Round-eared Elephant Shrew (Macroscelides proboscideus)
Macroscelidea or elephant shrews and jumping shrews, is a family of small insectivorous mammals native to Africa, belonging to the family Macroscelididae, in the order Macroscelidea, whose traditional common English name comes from a fancied resemblance between their long noses and the trunk of an elephant, and an assumed relationship with the shrews (Soricidae) in the order Insectivora. Nonetheless, elephant shrews are not classified with the superficially similar true shrews, but are ironically more closely related to elephants and their kin within the newly recognized Afrotheria; the biologist Jonathan Kingdon has proposed they instead be called sengis, a term derived from the Bantu languages of Africa.
They are widely distributed across the southern part of Africa, and although common nowhere, can be found in almost any type of habitat, from the Namib Desert to boulder-strewn outcrops in South Africa to thick forest. One species, the North African elephant shrew (Elephantulus rozeti), remains in the semiarid, mountainous country in the far northwest of the continent.
Elephant shrews are small, quadrupedal, insectivorous mammals resembling rodents or opossums, with scaly tails, elongated snouts, and rather long legs for their size, which are used to move in a hopping fashion like rabbits. They vary in size from about 10 cm to almost 30 cm, from just under 50 g to over 500 g. The round-eared elephant shrew has an average size of 150 mm (5.9 in). Although the size of the trunk varies from one species to another, all are able to twist it about in search of food. Their lifespans are about two and a half to four years in the wild.
Although mostly diurnal and very active, they are difficult to trap and very seldom seen; elephant shrews are wary, well camouflaged, and adept at dashing away from threats. Several species make a series of cleared pathways through the undergrowth and spend their day patrolling them for insect life. If disturbed, the pathway provides an obstacle-free escape route.
Elephant shrews are not highly social animals, but many live in monogamous pairs, which share and defend a home territory they mark using scent glands. Rhynchocyon species also dig small conical holes in the soil, bandicoot-style, but others may make use of natural crevices, or make leaf nests.
round-eared elephant shrews inhabit the dry steppes and stone deserts of southwestern Africa. They can even be found in the Namib Desert, one of the driest regions of the earth. Females drive away other females, while males try to ward off other males. Although they live in pairs, the partners do not care much for each other and their sole purpose of even associating with the opposite sex is for reproduction. Social behaviors are not very common and they even have separate nests. The one or two young are well developed at birth; they are able to run around just a few hours after birth.
Female elephant shrews undergo a menstrual cycle similar to that of human females and the species is one of the very few nonprimate mammals to do so. The elephant shrew mating period lasts for several days. After mating, the pair will return to their solitary habits. After a gestation period varying from 45 to 60 days, the female will give birth to litters of one to three young several times a year. The young are born relatively well developed, but remain in the nest for several days before venturing outside.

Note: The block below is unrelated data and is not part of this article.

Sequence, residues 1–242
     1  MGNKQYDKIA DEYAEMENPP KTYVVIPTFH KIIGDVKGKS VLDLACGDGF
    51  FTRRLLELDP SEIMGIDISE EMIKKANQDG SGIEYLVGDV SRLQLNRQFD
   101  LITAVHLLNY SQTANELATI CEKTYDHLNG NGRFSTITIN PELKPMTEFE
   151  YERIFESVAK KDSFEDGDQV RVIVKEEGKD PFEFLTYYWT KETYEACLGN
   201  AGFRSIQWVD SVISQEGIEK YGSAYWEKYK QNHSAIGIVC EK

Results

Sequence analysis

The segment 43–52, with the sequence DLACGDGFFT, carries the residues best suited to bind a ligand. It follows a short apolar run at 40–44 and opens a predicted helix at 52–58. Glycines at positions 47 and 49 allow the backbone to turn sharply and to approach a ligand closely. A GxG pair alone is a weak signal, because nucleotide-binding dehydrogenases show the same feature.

After five days, the young's milk diet is supplemented with mashed insects, which are collected and transported in the cheek pouches of the female. The young then slowly start to explore their environment and hunt for insects. After about 15 days, the young will begin the migratory phase of their lives, which lessens the dependency of the young on their mother. The young will then establish their own home ranges (about 1 km2) and will become sexually active within 41–46 days.
In the past, elephant shrews have been classified with the shrews and hedgehogs as part of the Insectivora; regarded as distant relatives of the ungulates; grouped with the treeshrews; and lumped in with the hares and rabbits in the Lagomorpha. Recent molecular evidence, however, strongly supports a superorder Afrotheria that unites elephant shrews with tenrecs and golden moles as well as certain mammals previously presumed to be ungulates, including hyraxes, sirenians, aardvarks and elephants.
Order: Macroscelidea Family: Macroscelididae Genus: Elephantulus Short-snouted Elephant Shrew (A. Smith, 1836) (Elephantulus brachyrhynchus) Cape Elephant Shrew (A. Smith, 1839) (Elephantulus edwardii) Dusky-footed Elephant Shrew (Thomas, 1894) (Elephantulus fuscipes) Bushveld Elephant Shrew (A. Smith, 1836) (Elephantulus intufi) Eastern Rock Elephant Shrew (Thomas & Schwann, 1906) (Elephantulus myurus) Karoo Rock Elephant Shrew (Smit, 2008) (Elephantulus pilicaudus) Somali Elephant Shrew (Huet, 1881) (Elephantulus revoili) North African Elephant Shrew (Duvernoy, 1833) (Elephantulus rozeti) Rufous Elephant Shrew (Peters, 1878) (Elephantulus rufescens) Western Rock Elephant Shrew (A. Smith, 1831) (Elephantulus rupestris) Genus: Macroscelides Namib Round-eared Sengi (Lundholm, 1955) (Macroscelides flavicaudatus) Etendaka Round-eared Sengi (Dumbacher et al., 2014) (Macroscelides micus) Round-eared Sengi (Shaw, 1800) (Macroscelides proboscideus) Genus: Petrodromus Four-toed Elephant Shrew (Peters, 1846) (Petrodromus tetradactylus) Genus: Rhynchocyon Golden-rumped Elephant Shrew (Günther, 1881) (Rhynchocyon chrysopygus) Checkered Elephant Shrew (Peters, 1847) (Rhynchocyon cirnei) Black and Rufous Elephant Shrew (Bocage, 1880) (Rhynchocyon petersi) Grey-faced Sengi (F. Rovero and G. Rathbun, 2008) (Rhynchocyon udzungwensis)